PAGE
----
It was all built on a lie, of course, but what’s wrong with that? I watched the fight live at a local bar (I’m sorry, Dougie, I couldn’t help it), and the place was bananas! We’re usually only a handful of guys watching a fight. But last Saturday, the place was packed to the rafters. Everyone was analyzing the fight, which made me want to roll my eyes. But it was kinda nice that for one night, the whole world stopped to watch the sport that we love so much. And unlike the fight with Pacquiao, they actually walked out of there happy.

So, do you think The Powers That Be can leverage this excitement and use it to promote, you know, actual fights? And maybe take some pointers from the UFC, like having only one belt instead of five, and do away with the HBO Vs Showtime, Uncle Al Vs Uncle Bob bull____? Or is it just wishful thinking? Because I feel like it’s a simple idea that would benefit both the fighters and the fight fans. Cheers! – Chris, Ottawa, Canada

I’m glad you enjoyed watching the “fight” in a public spot with all the casuals, who were also entertained.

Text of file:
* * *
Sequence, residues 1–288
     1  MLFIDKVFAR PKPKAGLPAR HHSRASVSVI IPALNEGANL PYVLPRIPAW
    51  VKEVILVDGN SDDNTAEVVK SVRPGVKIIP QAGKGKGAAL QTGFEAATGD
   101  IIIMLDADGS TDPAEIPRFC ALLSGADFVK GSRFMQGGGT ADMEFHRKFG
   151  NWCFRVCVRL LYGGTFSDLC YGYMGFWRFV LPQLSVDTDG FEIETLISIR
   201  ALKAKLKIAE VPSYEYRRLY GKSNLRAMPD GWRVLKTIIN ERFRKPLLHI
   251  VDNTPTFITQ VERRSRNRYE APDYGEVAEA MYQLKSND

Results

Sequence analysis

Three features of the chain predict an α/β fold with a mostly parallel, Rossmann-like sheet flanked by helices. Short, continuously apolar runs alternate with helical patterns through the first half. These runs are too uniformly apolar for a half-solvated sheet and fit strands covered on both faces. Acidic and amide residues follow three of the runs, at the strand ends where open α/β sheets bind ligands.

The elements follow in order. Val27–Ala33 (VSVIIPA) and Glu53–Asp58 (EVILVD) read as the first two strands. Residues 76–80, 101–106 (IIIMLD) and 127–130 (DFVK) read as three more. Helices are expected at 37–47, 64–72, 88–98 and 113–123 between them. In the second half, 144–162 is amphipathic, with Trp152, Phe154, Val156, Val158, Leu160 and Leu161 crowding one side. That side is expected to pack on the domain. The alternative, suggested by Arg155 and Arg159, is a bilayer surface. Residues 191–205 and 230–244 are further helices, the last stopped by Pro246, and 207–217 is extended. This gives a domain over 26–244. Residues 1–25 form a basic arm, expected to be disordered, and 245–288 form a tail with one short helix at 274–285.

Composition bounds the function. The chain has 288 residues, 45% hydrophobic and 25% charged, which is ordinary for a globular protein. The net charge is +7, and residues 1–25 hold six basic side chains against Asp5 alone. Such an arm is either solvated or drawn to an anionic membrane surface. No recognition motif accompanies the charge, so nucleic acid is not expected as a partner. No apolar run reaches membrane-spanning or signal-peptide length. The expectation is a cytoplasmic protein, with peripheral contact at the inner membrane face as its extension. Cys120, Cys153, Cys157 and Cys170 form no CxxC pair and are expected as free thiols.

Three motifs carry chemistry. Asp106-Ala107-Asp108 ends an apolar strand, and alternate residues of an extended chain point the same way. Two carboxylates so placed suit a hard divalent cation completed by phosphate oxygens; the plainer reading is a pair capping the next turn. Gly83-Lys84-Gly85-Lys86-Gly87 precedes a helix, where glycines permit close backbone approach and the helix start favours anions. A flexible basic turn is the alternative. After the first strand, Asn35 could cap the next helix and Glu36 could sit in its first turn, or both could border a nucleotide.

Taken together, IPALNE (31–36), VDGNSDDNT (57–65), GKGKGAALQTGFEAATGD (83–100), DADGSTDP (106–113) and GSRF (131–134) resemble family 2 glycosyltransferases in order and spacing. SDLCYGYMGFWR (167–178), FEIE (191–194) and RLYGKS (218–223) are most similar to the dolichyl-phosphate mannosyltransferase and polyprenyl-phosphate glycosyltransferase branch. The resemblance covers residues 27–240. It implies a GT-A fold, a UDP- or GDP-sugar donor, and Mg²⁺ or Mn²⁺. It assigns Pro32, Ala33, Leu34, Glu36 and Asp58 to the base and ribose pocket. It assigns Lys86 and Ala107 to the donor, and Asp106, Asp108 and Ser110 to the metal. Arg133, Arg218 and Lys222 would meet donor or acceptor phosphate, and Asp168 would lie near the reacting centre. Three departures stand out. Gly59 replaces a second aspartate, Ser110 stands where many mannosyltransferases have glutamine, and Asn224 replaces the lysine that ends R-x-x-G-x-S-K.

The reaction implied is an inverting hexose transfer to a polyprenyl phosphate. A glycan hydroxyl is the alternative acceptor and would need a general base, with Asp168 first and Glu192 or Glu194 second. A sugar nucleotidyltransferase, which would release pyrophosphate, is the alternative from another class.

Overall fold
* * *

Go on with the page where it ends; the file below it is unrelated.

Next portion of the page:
Can the current power brokers of the sport leverage “MayMac” mania for their own promotions? I think they can to an extent. ESPN’s coverage of the Aug. 26 PPV event was comprehensive to say the least, and the Worldwide Leader in Sports appears to be more committed to boxing with the network’s recent multi-year/multi-platform deals with Top Rank and Golden Boy Promotions. Top Rank is bringing Pacquiao’s Swan Song to a wide U.S. audience as well as two current elite-level boxers (and HBO staples) – Terence Crawford and Vasyl Lomachenko – and world titleholders (such as Oscar Valdez, Gilberto Ramirez and, soon, Jesse Magdaleno) to more casual fans (and in solid matchups). Meanwhile, GBP is looking to develop its advanced prospects into a legit contenders (and some, eventually, into HBO-worthy players) on their monthly (sometimes twice and three-times monthly) series. As long as the fights are good on this far-reaching basic cable platform, new fans will gradually be attracted to boxing.